Parliamentary Assembly of the Council of Europe (PACE) – report on Resolution on Safeguarding human rights in relation to religion and belief.

  • Date / 3 May 2013

David Pollock, IHEU's Head of Delegation to the Council of Europe, reporting on Resolution on Safeguarding human rights in relation to religion and belief (the original and final version of which can be downloaded below).

Twice recently the generally progressive Parliamentary Assembly of the Council of Europe (PACE) has been ambushed by a minority faction of reactionary religious deputies who have forced through amendments to resolutions completely contrary to their main sense.  A resolution on the need to safeguard access to reproductive health services in the face of widespread exercise of conscientious objection was subverted by the insertion of an unqualified right to conscientious objection for everyone and every institution.  Later, a resolution about living wills was prefixed by a clause denouncing assisted dying and euthanasia in all circumstances.

PACE met again last week, and anyone reading the reports on Christian websites on Thursday (April 25) could be forgiven for thinking we had suffered another defeat.  “Council of Europe tells Member States to respect conscience and accommodate religious beliefs in the public sphere” said one; “Council of Europe Hailed for Religious Freedom Resolution” said another.

But in fact the reactionary religious right had just suffered a serious setback, barely disguised in the more honest reports: it was “an important – although limited – recognition of religious and conscience rights”.

The PACE Political Affairs and Democracy Committee had commissioned a report from Luca Volontè, an Italian MP and friend of the Vatican, on violence against Christian communities outside Europe.  Volontè, who has happily lost his seat in the Italian parliament, making this his PACE swansong, instead produced a report that focussed much of its attention on Europe and extended ‘violence’ to include ‘psychological violence’ so as to bring in all the old myths of persecution of Christians.  

With his report came a draft resolution that would have been a major setback if adopted.  Cleverly drafted, it endorsed the right to religious freedom, backed conscientious objection in ‘morally sensitive matters’, underlined the ‘liberty of parents’ to decide the religious education of their children and so on – matters which taken in isolation were recognisable parts of the general apparatus of human rights.  But the resolution entirely ignored the rights of non-religious people and it omitted all the limitations on the manifestation of religion that have always been part of the European Convention on Human Rights.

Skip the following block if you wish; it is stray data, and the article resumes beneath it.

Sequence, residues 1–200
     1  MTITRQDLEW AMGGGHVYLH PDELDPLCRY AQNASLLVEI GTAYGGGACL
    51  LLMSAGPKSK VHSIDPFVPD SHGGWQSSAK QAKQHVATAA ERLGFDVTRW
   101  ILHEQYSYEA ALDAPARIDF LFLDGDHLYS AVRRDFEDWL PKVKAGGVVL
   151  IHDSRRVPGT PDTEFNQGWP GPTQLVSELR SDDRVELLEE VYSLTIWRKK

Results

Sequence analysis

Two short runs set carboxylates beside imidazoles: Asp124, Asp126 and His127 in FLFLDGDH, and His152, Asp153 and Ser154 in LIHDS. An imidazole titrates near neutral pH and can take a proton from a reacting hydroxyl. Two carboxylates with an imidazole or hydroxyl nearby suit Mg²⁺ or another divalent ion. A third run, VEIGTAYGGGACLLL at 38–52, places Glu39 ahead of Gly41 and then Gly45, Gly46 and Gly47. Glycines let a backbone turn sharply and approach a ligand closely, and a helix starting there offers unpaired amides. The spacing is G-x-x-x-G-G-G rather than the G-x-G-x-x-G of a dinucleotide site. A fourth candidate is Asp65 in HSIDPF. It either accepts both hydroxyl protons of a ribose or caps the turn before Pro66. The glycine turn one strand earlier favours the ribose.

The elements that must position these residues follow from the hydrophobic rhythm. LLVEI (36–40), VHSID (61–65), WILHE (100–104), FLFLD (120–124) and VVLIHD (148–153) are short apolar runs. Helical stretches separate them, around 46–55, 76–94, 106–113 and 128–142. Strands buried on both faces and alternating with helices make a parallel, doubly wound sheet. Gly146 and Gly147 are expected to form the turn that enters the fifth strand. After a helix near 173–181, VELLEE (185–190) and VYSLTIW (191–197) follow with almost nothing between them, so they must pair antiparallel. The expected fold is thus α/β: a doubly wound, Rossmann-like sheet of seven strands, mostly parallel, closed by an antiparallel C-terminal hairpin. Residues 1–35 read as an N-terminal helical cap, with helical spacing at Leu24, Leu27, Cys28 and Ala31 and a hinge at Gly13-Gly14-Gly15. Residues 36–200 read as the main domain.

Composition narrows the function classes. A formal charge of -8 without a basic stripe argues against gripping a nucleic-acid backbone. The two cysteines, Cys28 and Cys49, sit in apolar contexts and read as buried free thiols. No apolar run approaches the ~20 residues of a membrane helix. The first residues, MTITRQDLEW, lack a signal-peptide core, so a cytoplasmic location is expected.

In the ten days before the resolution was debated a small group of representatives of INGOs concerned with the rights of non-religious people (myself for IHEU), women and gays and lesbians worked in close collaboration to draft the necessary amendments. These extended references to ‘religious communities’ to ‘communities and individuals defined by religion or beliefs’, added provisos to safeguard the rights of others to be free from discrimination and to guarantee access to lawful services, and added promotion of objective education about non-religious beliefs to education about religion.  Elsewhere, a new clause was proposed on the problematic status of women and girls in ‘many traditional religious settings’ with mention of ‘honour killings, bride burning, forced marriages, female genital mutilation’.  A key new clause called for respect for religious beliefs and traditions ‘while guaranteeing that a due balance is struck with the rights of others’.

Then we lobbied members of PACE to introduce these amendments – the ones extending religion to ‘religion or belief’ were taken up for us by the UK MP Michael Connarty – and we lobbied the party groups in the Assembly, pointing to the dangers hidden in the resolution as drafted.

The result was that the three centre/left party groups – the Unified European Left, the Socialists and the Alliance of Liberals and Democrats for Europe – all spoke and voted officially for the amendments.  (Reports on religious websites suggested that the attack came from ‘Scandinavians’, presumably because the group spokesmen happened to come from Sweden and Denmark!) Not only that, but the great majority of the individual deputies from the other groups also supported the amendments.

From the religious right’s point of view, the resolution, adopted by a huge majority, was a poor substitute for the coup they had intended.  It is not perfect for us either, but it has enabled us to identify some more friends in the Assembly and to give Luca Volontè a fitting send-off.

But Volontè was merely the agent for the reactionary religious organisations that are our real opponents, notably the European Centre for Law and Justice, whose Gregor Puppinck was probably influential in drafting the original report and who has taken the lead in putting out misleading interpretations of what happened in Strasbourg last week.  We need to remain vigilant..

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